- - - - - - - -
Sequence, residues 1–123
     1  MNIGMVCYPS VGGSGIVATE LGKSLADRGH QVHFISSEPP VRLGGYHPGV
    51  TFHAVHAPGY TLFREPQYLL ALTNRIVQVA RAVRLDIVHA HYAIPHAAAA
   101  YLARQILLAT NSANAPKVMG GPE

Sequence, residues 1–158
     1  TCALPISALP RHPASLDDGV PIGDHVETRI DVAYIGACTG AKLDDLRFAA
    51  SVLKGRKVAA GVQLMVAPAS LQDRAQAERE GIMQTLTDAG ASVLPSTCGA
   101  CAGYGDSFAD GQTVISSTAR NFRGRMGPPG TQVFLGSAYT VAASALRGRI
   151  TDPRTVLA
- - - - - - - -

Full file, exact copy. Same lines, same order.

Sequence, residues 1–123
     1  MNIGMVCYPS VGGSGIVATE LGKSLADRGH QVHFISSEPP VRLGGYHPGV
    51  TFHAVHAPGY TLFREPQYLL ALTNRIVQVA RAVRLDIVHA HYAIPHAAAA
   101  YLARQILLAT NSANAPKVMG GPE

Sequence, residues 1–158
     1  TCALPISALP RHPASLDDGV PIGDHVETRI DVAYIGACTG AKLDDLRFAA
    51  SVLKGRKVAA GVQLMVAPAS LQDRAQAERE GIMQTLTDAG ASVLPSTCGA
   101  CAGYGDSFAD GQTVISSTAR NFRGRMGPPG TQVFLGSAYT VAASALRGRI
   151  TDPRTVLA